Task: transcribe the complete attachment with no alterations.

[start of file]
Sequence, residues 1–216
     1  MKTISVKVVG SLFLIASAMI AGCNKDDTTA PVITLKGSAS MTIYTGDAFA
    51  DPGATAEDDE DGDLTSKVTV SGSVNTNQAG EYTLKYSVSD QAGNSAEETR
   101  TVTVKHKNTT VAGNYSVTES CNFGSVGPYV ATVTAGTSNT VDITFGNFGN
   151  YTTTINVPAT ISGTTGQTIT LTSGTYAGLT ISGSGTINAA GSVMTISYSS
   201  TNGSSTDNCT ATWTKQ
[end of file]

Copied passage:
Sequence, residues 1–216
     1  MKTISVKVVG SLFLIASAMI AGCNKDDTTA PVITLKGSAS MTIYTGDAFA
    51  DPGATAEDDE DGDLTSKVTV SGSVNTNQAG EYTLKYSVSD QAGNSAEETR
   101  TVTVKHKNTT VAGNYSVTES CNFGSVGPYV ATVTAGTSNT VDITFGNFGN
   151  YTTTINVPAT ISGTTGQTIT LTSGTYAGLT ISGSGTINAA GSVMTISYSS
   201  TNGSSTDNCT ATWTKQ